The river looked beautiful today, baking sun shimmering on the Glendale Narrows. I haven’t had a chance to fish this fall, so I headed to my favorite spot for carp, across from Betty Davis park. It’s fun to watch the riders gently walk their horses toward the stables, which are almost adjacent to the park. Their hooves land with little dust clouds in contrast to the thick, green grass and voluptuous sycamores inside the park. Plus there are plenty of holes in the fence that separates the park from the river. This is, after all, the terminus of the soft-bottom section before the river is corseted by concrete forming a “Y,” as it heads deeper into Burbank.
I was anxious to plop my craw daddy fly with its heavy eyes into the water. I could already see hungry carp in my mind’ eye, and just where I would put the fly in, so it would gently ripple into my favorite pool on the river.
Only one problem: between the last time I was here and today, our river guardians had come in and changed the subtle flow of the river, stripping foliage, so that the water into the side channel increased. Just like that, my sweet spot had disappeared. Just like that, the carp I’d watched so vividly in my mind were, in reality, just a mirage.
Which, if you’ll indulge me, is the problem of our age: What was solid yesterday is quicksand today. What appears to be terra firma during daylight, folds into the shadows of the moon at night.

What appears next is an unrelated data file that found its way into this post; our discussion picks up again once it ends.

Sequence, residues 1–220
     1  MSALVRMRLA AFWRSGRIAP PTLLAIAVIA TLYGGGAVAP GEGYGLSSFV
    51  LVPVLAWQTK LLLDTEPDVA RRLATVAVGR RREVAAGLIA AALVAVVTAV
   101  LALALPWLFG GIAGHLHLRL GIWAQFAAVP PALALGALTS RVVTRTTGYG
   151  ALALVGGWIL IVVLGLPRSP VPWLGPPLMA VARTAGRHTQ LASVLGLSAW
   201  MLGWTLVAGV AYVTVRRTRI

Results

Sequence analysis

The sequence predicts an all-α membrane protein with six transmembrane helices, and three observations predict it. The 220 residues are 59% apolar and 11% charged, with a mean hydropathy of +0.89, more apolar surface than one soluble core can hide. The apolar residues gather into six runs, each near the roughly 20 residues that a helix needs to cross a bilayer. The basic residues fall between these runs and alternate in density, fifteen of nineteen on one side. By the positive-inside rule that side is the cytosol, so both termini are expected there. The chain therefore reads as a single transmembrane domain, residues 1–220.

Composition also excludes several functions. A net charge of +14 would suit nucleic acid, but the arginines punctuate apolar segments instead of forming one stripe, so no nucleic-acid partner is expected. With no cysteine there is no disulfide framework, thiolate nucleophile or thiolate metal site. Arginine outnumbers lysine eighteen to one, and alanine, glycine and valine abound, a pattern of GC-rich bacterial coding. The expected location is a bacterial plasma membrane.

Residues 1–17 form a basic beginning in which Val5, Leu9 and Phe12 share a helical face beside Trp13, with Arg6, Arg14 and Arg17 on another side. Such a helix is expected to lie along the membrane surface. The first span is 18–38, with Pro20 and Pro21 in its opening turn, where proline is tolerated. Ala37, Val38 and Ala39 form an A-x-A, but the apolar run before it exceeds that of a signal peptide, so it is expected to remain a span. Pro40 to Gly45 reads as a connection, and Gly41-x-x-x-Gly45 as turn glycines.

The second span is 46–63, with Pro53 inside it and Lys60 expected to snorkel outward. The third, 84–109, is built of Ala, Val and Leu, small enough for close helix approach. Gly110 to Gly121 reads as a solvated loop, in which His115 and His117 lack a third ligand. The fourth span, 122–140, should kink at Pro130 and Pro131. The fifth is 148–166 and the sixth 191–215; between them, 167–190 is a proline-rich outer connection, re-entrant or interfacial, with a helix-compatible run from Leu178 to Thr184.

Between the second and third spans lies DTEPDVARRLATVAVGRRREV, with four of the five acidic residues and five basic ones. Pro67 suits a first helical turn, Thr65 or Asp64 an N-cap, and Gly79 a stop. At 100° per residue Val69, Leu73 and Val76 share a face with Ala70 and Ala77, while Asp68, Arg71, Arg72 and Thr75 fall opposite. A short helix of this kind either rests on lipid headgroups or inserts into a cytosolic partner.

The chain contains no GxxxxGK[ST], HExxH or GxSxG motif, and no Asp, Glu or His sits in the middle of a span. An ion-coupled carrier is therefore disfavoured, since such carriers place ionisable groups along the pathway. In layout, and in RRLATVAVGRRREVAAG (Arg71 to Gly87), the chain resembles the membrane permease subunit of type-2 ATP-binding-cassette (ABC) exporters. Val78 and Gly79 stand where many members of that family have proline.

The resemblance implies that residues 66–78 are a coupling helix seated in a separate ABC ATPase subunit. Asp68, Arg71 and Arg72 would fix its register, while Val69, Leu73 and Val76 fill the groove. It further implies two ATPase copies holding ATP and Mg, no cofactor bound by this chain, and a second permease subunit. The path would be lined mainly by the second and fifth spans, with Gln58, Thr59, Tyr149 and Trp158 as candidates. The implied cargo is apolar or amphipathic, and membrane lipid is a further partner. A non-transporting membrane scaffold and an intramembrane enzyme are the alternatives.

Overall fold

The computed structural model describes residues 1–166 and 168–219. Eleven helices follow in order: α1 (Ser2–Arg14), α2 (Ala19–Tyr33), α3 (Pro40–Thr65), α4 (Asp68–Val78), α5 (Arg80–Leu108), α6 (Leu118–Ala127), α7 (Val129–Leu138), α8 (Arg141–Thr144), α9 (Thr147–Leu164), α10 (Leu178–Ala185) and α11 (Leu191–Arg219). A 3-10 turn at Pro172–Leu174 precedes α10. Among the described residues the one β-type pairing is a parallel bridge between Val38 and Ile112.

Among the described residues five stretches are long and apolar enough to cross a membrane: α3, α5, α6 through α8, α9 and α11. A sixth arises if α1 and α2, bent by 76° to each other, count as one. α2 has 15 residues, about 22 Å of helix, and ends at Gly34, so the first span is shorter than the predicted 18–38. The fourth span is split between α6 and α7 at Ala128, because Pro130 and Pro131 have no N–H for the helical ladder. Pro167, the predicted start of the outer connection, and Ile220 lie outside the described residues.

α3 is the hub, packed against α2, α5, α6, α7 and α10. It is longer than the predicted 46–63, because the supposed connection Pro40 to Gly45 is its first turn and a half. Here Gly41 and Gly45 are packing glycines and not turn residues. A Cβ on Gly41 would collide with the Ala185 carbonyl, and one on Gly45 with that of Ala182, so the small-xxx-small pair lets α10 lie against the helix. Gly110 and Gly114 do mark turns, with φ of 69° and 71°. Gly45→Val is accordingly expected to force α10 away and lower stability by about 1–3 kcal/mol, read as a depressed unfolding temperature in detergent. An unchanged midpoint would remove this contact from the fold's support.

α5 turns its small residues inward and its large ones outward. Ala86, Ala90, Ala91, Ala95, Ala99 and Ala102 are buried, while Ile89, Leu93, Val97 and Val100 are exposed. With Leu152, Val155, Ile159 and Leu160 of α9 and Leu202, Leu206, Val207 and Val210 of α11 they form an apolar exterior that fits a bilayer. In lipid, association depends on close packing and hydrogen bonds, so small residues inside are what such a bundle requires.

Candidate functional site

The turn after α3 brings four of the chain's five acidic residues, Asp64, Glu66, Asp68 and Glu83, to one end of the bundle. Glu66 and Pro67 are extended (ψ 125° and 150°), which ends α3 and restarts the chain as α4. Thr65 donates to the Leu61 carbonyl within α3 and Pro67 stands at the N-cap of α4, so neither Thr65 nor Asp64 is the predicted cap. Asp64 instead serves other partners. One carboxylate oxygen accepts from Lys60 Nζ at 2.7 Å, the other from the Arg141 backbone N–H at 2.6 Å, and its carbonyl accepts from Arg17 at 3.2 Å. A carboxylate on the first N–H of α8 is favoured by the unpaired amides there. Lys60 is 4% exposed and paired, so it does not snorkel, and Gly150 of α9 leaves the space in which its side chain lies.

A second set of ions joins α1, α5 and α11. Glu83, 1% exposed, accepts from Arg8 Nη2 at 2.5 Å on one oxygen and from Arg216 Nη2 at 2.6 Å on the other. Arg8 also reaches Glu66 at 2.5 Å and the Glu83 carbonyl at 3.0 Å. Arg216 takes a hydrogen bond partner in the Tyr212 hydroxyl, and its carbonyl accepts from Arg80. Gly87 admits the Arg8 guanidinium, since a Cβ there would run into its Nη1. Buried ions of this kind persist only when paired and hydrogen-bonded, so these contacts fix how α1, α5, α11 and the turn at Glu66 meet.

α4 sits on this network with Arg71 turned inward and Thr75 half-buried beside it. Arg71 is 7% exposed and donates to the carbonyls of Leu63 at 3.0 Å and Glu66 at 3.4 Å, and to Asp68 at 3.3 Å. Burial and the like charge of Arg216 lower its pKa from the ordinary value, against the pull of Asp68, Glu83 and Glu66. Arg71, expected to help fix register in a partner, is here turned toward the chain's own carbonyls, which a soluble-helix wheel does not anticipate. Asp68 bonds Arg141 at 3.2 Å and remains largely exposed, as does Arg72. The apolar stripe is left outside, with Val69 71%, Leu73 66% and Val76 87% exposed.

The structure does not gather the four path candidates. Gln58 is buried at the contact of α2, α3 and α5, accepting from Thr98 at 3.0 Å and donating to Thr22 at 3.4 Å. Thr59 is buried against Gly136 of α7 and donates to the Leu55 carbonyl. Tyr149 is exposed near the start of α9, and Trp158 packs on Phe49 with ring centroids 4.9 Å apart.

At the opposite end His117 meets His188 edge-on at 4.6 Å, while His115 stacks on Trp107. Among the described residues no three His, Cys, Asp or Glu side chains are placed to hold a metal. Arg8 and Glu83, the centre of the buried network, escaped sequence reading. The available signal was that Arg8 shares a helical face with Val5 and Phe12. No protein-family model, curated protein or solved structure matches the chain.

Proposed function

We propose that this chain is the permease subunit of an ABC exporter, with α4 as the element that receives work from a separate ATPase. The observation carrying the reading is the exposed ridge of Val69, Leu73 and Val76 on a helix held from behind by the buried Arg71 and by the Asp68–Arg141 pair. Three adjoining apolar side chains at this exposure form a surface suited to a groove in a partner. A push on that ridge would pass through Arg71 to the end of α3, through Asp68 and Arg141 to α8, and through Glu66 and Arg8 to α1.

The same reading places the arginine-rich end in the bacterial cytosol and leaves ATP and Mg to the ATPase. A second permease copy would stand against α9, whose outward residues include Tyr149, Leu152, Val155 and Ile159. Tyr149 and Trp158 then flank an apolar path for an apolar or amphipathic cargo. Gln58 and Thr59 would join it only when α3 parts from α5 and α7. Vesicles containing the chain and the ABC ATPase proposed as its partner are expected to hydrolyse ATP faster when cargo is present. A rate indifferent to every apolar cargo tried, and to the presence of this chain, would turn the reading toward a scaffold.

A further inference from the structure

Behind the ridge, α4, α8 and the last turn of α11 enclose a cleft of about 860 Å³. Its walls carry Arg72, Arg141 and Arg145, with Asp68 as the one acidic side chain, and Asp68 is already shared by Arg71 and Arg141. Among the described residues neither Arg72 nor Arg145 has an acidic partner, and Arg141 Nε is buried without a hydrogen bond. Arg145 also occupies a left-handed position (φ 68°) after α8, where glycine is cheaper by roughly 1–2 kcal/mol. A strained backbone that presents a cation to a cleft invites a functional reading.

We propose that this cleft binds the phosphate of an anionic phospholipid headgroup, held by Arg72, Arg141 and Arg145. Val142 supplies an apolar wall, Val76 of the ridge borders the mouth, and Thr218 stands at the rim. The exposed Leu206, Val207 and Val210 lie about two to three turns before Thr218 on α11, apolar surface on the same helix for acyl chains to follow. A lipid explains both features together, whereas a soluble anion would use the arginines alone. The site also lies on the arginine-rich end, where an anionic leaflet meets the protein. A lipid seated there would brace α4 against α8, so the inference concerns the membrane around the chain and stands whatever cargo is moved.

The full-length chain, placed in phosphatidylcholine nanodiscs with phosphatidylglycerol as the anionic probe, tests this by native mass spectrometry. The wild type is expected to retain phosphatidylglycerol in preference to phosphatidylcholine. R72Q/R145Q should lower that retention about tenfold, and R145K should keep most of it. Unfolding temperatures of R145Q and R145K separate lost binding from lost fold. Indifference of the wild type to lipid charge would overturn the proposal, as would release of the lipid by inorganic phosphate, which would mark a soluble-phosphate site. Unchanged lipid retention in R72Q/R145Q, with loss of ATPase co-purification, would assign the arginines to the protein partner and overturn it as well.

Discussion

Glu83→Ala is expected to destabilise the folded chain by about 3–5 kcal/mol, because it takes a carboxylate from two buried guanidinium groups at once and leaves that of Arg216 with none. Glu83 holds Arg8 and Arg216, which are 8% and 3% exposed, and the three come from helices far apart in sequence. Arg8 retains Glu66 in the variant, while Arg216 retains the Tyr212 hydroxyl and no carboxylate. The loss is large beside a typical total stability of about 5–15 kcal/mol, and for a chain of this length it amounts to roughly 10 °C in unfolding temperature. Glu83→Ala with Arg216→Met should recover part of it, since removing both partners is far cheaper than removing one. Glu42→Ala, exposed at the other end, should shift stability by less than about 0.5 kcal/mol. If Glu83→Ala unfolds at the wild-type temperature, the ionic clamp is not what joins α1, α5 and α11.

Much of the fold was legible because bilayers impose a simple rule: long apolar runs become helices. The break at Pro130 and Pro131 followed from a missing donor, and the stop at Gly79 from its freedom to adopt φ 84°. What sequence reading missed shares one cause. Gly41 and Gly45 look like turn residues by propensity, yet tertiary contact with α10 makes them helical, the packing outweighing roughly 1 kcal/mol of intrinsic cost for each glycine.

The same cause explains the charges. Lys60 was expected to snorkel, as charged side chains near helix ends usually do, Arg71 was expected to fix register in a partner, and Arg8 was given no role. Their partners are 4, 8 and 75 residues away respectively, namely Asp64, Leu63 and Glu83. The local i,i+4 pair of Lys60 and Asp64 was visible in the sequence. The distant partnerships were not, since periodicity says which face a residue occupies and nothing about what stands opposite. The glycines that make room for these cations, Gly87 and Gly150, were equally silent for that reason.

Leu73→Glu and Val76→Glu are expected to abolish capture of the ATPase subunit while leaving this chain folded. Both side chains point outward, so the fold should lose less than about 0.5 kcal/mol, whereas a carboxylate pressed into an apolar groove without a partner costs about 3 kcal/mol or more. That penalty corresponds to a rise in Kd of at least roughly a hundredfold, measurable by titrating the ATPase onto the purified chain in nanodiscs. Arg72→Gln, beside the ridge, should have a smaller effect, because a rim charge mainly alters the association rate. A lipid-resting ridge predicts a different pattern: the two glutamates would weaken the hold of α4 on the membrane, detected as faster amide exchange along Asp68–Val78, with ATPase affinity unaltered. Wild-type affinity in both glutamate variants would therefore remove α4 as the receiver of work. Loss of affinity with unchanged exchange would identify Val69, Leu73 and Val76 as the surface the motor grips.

What will our outlaw river, a place of ragged fence openings, sudden danger, and equally friendly encounters, become?
At Thursday night’s USACE public comment meeting, almost every person who spoke, echoed the one before, 20-20, a vision of the future with Alternative 20, and its billion-dollar makeover of 11water miles. A few concerned themselves with flood safety, the reason we Angelinos asked for the Corps help some 80 years ago. No one argued for the other three lesser alternatives.
This blog has received only one comment that questions the entire endeavor, wondering if there would even be a river without its concrete girdle.
So, it would seem that if the voice of river advocates is heard by the local Corps, it will switch its tentative choice from 13 to 20. It also seems that locally, the top brass is as enthusiastic about 20 as are the mayor,vocal councilmembers, elected officials in adjacent cities, a smattering of state representatives, and a few powerful allies in Washington, itself.
Mayor Eric Garcetti noted Thursday night with some 4,500 names of signees to his petition for 20 scrolling on a screen as he spoke to the standing-room-only crowd at the River Center, “I can’t remember the last time that many people agreed on anything.”
If we were to score the river’s political will versus everything from voter apathy (15 percent), to Congressional approval rating (9 percent), the people have already won. In this time where precious little rings with optimism, the river’s song has captured many of us, and called for us to be better than we were.
Will Washington listen?
I’d like to know that someday the hole I love will actually still be there the next time I’m on the water.
See you on the river, Jim Burns